After first testing physical retail a few years ago, Brooklinen is looking to triple its brick-and-mortar footprint in 2022.
The DTC bedding brand initially opened a pop-up store in 2018 in New York City’s SoHo neighborhood.
“The pop-up was a huge success. We had a lot of learnings about location, where we were in SoHo versus other locations, [and] just gathering a lot of feedback,” CEO Rich Fulop told Retail Dive in an interview. “It was pretty obvious after our pop-up that this business needed a brick-and-mortar presence.”
From a foot traffic perspective, Fulop doesn’t believe the SoHo store “could have done any better.” But the brand found that a lot of individuals visiting the store were “window shoppers” and tourists, consumers generally uninterested in purchasing goods for the home. When the brand began to plot its next stores, it considered more residential areas rather than areas that would simply deliver a lot of foot traffic. “It’s the quality of traffic,” Fulop said.
Brooklinen opened its first permanent store in January 2020, just before the pandemic forced many businesses to temporarily close their doors. But Fulop says that ended up playing in the brand’s favor.
“We were actually really fortunate because we were just starting our physical store adventure at that point. We only had one store, so we didn’t have a lot of exposure,” he said. “As a percentage of our revenue, it was tiny — it literally just opened 60 days before it closed. Because of that we didn’t have a lot of exposure.”
The retailer had also just come off a “breakout” year for the business and had ordered a lot of inventory in preparation for 2020. When the pandemic took hold and disrupted supply chains, Brooklinen was well-positioned to benefit as consumers who sought out home goods .
“While others experienced stockout, we were able to step on the gas in our marketing channels because we had a lot of inventory,” Fulop said.
He added that during that period early in the pandemic, the brand never had to furlough any employees, instead of finding other jobs within the company for those affected by the store closure. The store reopened for curbside pickup orders in July 2020, and the brand now operates two permanent locations — one in Brooklyn and the other in the West Village in New York.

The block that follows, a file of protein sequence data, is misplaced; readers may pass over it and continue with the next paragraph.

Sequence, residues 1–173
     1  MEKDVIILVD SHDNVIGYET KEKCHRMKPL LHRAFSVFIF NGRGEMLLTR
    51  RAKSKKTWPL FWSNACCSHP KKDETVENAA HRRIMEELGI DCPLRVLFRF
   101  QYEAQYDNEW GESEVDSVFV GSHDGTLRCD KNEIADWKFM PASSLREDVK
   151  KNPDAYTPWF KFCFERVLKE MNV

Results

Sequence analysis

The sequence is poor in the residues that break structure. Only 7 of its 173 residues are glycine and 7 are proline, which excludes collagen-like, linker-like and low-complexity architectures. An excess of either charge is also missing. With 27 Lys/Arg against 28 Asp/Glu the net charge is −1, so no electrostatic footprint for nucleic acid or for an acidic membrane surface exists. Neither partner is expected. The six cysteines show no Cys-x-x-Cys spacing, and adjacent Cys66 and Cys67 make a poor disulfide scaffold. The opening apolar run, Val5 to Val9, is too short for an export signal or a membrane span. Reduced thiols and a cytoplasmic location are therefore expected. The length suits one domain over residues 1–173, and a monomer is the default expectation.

Now, Brooklinen aims to triple its brick-and-mortar footprint, adding stores to Los Angeles, Philadelphia, Portland and San Francisco. But it won’t stop there: By 2024, the brand aims to operate between 25 and 30 stores, doubling its retail presence next year and again in 2024.
Over the years, many DTC brands have turned to physical retail As a way to offset the high marketing costs associated with customer acquisition, which for many brands, has come at the expense of profitability. And while that sentiment remains key for Brooklinen, Fulop says the brand has always been profitable.
“We don’t believe in showrooming or the concept of a flagship store that might be a loss leader. All our stores do and will make money,” Fulop said. “Having bootstrapped this business with our own savings, profitability has been key since day one. As we expanded the business through a multitude of channels and products, it’s still true to our core that we do run a profitable business.”
Brooklinen’s physical retail stores experienced 227% year-over-year net sales growth in 2021, and the brand aims for the channel to eventually represent about 50% of overall sales.
Expanding its business
When Fulop and his wife, Vicki, launched Brooklinen in 2014, their goal was to provide sheets with exceptional quality that didn’t come with a sky-high price tag.
In the years since, the brand has expanded beyond sheets to bath products like towels, robes and shower curtains, as well as loungewear. Brooklinen in 2019 also launched an online marketplace dubbed “Spaces,” which featured products from partners like furniture brand Floyd, plant brand The Sill and publishing company Taschen. And in October, the company introduced a new brandMarlow, dedicated to pillows.
“From a brand perspective, I really think you have to know what you’re good at and know what is the most critical part of the brand. Our calling card, our hero products that most people hear about for the first time are our sheets ,” Fulop said, adding that by launching a separate brand for pillows, the company is able to really focus on developing that product rather than having it be an extension of an existing brand. “We use our internal resources — from distribution, supply chain, marketing — that’s all done in house with the same team. Except now we have dedicated advertising that can go behind this one brand with this one product and it’s pretty much all it does. Whereas with Brooklinen, it would be another one in our catalog — maybe the fourth or fifth product you’d explore.”
Its a move reminiscent of DTC holding companies, where one company will house several brands under its umbrella, providing a shared team of resources to help drive growth at the individual brands.
In Brooklinen’s next pursuit, however, the company is refocusing on the product it’s become known for: sheets.
The company on Tuesday announced it launched its first hospitality collection, Brooklinen for Business. The collection takes inspiration from some of the brand’s most popular products, including The Chill and The Snuggle Sheets and The Wrap towel.
“The needs are very, very different in terms of wrinkle-free, whether it can stand up to bleaching or some harsh laundering … so the engineering behind that, in order to optimize those, needed to be totally different from our main line,” Fulop said.
The company’s hospitality business, which features clients like boutique hotels and bed and breakfasts across 46 states and 10 countries, has doubled in size over the last three years.
The Brooklinen for Business collection will roll out throughout April with more offerings to come, according to the company.